February 25, 2019 at 11:48 pm

Zhu Speaks on Developing Two-Dimensional Magnetic Materials

Tiancong Zhu, portrait

Tiancong Zhu

By Amanda Biederman
NQPI editorial intern

On Feb. 14, the Ohio University campus was flooded with red hearts and sweet baked goods in celebration of Valentine’s Day. In Clippinger Hall, scientists convened to learn about Tiancong Zhu’s work on atomic-thin magnets that work at room temperature.

“It’s kind of a special day too; it’s Valentine’s Day for science,” Zhu said. “So it’s a special experience for me.”

Zhu, a Ph.D. student in Physics at The Ohio State University, was invited to present his research on magnetism in two-dimensional materials as a part of the Nanoscale and Quantum Phenomena Institute seminar series.

Magnetic ordering, or the reason that electrons inside materials organize themselves to produce magnetic field, is well-characterized in three-dimensional systems. In two-dimensional systems, however, the story is a bit more complex. In many two-dimensional systems, magnetism does not exist, Zhu said. This is due to the enhancement of thermal fluctuation within the system, which dispels the magnetic ordering.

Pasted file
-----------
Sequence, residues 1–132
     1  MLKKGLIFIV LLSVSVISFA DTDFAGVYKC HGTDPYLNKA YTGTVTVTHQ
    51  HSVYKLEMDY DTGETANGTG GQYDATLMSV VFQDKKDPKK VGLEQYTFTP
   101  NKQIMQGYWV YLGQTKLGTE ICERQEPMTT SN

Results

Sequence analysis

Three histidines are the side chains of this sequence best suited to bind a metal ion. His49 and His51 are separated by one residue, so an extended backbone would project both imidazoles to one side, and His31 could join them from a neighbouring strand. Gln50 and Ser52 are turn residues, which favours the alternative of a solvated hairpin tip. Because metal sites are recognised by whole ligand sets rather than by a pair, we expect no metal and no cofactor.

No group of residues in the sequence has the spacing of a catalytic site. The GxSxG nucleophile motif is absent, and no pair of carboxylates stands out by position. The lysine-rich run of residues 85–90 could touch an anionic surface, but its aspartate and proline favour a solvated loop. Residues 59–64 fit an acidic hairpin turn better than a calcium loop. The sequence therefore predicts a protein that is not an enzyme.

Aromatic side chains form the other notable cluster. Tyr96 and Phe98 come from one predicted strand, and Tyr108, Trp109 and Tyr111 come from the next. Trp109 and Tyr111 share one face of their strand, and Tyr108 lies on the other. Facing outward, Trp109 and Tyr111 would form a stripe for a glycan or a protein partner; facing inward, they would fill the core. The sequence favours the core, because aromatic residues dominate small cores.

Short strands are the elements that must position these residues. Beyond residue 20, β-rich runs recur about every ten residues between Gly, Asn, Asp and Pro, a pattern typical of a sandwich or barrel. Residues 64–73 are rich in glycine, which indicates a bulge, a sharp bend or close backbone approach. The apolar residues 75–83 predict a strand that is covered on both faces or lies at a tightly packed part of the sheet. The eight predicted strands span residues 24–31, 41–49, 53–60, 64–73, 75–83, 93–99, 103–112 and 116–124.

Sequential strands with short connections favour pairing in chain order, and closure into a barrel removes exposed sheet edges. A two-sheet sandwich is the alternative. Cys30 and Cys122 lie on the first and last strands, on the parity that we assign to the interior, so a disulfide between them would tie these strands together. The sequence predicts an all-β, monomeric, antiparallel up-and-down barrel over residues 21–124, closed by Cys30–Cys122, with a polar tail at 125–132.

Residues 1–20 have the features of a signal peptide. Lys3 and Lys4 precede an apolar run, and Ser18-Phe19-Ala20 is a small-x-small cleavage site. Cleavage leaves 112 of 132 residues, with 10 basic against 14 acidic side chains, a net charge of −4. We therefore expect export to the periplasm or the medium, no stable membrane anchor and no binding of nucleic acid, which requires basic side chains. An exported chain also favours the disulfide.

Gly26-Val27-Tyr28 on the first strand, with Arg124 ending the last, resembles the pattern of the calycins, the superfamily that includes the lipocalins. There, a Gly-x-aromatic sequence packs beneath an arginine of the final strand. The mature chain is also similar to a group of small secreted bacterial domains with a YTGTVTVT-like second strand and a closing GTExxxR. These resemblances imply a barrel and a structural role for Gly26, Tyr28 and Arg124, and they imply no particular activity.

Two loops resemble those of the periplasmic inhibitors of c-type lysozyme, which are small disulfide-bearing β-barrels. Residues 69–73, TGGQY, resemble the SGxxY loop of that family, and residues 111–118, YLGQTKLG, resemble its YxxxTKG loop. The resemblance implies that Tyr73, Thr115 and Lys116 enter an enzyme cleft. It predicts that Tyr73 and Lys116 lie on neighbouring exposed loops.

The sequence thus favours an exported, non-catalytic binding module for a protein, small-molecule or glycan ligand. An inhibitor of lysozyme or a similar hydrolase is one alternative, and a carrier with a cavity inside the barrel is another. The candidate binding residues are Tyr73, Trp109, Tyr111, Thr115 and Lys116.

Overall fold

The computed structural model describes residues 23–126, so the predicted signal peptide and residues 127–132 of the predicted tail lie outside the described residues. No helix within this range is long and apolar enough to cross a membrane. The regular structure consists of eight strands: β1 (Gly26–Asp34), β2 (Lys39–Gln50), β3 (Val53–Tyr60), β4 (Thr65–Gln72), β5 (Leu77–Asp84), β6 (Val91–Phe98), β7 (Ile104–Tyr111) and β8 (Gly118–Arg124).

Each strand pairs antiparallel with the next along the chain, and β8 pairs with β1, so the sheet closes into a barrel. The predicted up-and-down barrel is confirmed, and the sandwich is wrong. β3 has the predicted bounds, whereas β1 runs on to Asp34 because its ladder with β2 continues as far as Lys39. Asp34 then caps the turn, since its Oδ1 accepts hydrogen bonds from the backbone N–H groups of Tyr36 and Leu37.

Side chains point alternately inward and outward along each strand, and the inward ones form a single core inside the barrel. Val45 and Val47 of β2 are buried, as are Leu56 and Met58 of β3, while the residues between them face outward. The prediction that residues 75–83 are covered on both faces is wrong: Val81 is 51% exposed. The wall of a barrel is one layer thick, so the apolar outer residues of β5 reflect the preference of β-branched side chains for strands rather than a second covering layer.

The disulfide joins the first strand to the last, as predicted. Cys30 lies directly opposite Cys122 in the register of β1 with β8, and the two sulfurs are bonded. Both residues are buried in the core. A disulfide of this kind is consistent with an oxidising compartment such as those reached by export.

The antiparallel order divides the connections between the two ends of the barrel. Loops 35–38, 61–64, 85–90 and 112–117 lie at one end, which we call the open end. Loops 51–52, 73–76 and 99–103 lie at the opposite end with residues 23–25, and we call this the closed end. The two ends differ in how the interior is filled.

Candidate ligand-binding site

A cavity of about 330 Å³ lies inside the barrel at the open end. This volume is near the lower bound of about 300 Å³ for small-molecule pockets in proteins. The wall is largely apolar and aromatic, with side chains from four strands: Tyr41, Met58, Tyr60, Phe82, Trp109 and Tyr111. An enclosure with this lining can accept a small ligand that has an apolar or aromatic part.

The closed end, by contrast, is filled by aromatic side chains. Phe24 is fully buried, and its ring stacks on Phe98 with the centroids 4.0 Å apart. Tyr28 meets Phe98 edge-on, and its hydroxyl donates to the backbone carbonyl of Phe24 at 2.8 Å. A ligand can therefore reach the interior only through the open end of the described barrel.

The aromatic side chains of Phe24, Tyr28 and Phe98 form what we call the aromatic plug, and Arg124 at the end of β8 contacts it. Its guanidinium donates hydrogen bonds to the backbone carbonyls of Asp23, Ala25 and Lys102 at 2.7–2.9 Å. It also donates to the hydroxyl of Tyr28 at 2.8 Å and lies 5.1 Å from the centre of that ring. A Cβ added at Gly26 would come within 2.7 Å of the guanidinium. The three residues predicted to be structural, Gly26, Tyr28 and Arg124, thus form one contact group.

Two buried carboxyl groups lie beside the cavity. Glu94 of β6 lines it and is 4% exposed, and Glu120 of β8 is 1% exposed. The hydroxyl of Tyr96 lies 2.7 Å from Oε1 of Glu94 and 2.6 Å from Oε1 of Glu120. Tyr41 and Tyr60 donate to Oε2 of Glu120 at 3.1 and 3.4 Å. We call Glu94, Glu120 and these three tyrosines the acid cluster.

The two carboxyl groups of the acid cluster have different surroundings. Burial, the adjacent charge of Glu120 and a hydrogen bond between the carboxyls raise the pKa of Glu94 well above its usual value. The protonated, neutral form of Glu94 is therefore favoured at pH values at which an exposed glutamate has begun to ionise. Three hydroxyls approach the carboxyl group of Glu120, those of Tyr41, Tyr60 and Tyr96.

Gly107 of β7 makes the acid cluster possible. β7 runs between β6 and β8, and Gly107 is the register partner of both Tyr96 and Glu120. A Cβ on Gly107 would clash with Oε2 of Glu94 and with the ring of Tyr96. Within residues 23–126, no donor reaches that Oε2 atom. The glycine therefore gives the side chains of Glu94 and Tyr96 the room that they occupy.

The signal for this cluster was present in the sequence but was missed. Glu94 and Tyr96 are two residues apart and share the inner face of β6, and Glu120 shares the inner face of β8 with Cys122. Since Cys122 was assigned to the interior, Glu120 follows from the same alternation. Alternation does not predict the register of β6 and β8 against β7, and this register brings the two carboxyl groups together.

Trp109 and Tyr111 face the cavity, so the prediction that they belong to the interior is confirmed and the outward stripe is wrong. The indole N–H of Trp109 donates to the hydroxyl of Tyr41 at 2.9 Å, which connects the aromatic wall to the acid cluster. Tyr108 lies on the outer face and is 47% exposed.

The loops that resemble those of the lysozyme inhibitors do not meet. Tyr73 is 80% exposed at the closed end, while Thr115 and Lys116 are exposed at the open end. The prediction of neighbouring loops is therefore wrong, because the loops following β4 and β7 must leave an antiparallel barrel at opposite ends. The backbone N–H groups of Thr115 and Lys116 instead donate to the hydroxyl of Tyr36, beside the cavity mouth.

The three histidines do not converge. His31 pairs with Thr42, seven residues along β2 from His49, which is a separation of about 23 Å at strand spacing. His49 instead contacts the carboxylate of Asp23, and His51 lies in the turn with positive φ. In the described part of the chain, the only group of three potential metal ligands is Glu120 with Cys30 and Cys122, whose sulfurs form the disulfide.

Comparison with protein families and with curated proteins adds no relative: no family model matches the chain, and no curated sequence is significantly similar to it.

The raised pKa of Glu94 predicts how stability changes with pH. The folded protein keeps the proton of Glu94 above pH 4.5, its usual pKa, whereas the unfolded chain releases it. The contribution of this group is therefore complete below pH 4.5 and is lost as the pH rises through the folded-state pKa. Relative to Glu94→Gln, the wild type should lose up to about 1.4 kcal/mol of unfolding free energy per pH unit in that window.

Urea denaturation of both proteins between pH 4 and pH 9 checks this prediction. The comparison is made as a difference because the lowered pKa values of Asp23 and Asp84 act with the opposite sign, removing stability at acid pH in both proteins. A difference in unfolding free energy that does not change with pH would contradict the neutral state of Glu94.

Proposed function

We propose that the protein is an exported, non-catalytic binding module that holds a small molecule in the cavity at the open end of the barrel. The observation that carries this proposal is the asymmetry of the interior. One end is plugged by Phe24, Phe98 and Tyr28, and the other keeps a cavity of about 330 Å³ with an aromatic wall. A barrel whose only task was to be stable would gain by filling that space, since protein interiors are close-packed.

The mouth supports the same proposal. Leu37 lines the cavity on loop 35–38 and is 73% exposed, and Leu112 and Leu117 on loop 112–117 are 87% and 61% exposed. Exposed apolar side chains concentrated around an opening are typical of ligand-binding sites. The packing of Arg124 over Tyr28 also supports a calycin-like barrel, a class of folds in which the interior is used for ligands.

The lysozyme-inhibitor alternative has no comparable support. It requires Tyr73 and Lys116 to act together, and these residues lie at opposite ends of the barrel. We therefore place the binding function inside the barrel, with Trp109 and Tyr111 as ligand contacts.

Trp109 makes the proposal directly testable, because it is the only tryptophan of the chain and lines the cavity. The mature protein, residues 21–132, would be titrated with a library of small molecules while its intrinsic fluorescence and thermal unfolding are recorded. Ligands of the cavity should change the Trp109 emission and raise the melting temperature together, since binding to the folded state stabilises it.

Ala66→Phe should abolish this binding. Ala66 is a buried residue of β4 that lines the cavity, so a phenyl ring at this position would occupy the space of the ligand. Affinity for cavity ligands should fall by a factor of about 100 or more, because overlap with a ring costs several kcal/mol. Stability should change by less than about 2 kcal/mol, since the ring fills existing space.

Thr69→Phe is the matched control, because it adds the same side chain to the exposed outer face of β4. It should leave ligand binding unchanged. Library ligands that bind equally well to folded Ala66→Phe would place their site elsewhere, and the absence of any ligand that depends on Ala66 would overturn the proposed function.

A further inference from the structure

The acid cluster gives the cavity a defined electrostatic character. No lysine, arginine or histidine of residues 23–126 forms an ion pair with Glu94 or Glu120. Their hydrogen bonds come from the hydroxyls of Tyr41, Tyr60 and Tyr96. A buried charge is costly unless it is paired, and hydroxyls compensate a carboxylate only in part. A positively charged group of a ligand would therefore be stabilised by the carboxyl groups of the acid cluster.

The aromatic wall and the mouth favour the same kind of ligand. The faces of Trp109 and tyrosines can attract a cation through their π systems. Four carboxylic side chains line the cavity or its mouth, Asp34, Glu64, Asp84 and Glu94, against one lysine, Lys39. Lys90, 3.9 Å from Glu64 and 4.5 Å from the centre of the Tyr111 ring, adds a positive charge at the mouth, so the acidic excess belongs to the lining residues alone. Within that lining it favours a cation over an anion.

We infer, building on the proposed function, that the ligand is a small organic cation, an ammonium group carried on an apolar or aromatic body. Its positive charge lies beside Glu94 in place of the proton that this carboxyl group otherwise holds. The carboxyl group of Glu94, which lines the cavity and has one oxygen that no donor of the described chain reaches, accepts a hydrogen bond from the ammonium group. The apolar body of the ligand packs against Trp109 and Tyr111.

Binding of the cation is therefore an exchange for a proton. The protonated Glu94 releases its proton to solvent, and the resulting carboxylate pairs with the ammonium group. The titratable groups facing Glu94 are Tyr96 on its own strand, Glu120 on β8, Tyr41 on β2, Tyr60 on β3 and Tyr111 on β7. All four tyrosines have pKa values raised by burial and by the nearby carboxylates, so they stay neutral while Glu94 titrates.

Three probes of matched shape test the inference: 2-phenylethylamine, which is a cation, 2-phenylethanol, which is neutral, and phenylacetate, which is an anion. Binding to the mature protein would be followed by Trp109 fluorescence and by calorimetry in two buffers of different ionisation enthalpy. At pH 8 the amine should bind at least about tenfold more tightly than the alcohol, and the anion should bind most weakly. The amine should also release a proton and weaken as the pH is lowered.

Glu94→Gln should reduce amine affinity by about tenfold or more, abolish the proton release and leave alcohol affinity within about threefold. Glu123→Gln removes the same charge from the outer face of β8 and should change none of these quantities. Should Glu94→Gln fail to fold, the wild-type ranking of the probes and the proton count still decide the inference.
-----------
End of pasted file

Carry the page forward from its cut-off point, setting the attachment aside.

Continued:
Zhu constructs fine-tuned two-dimensional systems to overcome the effect of thermal fluctuations. Working with molecular beam epitaxy, he uses the technique to manipulate the atomic structure and surface environment of certain 2D materials to favor the generation of magnetic ordering.

Zhu and his co-workers demonstrated that ferromagnetism is observed at room temperature in the two-dimensional material. Ultimately, two-dimensional magnets may be used to advance technology in information storage, making thin, flexible and more energy efficient magnetic storage unit. In addition, these materials may be applied to create complex magnetic structures called magnetic skyrmions, which hold many promises for developing future computation.

Zhu was invited to Athens by Physics & Astronomy Professor and NQPI member Dr. Arthur Smith. While in Athens, Zhu met with students and faculty, discussing ideas that he said he hopes to pursue in future collaborations. Zhu expressed his gratitude to Smith and to the department for his invitation.

“There have been a lot of great discussions and a lot of good ideas for future research directions. I’ve learned a lot from people here,” Zhu said. “As a grad student, it’s uncommon to be invited to give a seminar. It’s a really great honor.”

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